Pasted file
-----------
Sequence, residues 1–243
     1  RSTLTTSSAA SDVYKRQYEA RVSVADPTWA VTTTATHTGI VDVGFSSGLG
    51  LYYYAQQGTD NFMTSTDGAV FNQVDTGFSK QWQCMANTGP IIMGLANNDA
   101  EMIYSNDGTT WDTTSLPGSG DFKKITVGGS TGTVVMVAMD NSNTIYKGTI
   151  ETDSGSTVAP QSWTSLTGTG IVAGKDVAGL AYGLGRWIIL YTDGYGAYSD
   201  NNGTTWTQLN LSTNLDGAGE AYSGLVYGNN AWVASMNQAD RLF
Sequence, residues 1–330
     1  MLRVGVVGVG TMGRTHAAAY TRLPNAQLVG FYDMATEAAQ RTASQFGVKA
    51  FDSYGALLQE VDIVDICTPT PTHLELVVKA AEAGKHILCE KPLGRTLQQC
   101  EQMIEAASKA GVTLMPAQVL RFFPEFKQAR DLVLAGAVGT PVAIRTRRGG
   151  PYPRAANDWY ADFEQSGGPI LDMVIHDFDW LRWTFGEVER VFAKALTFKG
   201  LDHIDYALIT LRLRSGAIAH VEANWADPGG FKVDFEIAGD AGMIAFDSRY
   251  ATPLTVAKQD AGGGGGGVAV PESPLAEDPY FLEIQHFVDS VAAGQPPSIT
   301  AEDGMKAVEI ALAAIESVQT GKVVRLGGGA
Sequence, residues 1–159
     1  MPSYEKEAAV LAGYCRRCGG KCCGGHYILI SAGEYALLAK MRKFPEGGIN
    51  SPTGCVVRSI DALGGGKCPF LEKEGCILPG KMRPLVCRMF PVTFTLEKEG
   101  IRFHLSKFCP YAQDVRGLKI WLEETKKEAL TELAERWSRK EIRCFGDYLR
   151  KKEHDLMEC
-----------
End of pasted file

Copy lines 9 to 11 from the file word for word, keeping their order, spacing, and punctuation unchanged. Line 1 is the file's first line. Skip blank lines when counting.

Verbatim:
    51  FDSYGALLQE VDIVDICTPT PTHLELVVKA AEAGKHILCE KPLGRTLQQC
   101  EQMIEAASKA GVTLMPAQVL RFFPEFKQAR DLVLAGAVGT PVAIRTRRGG
   151  PYPRAANDWY ADFEQSGGPI LDMVIHDFDW LRWTFGEVER VFAKALTFKG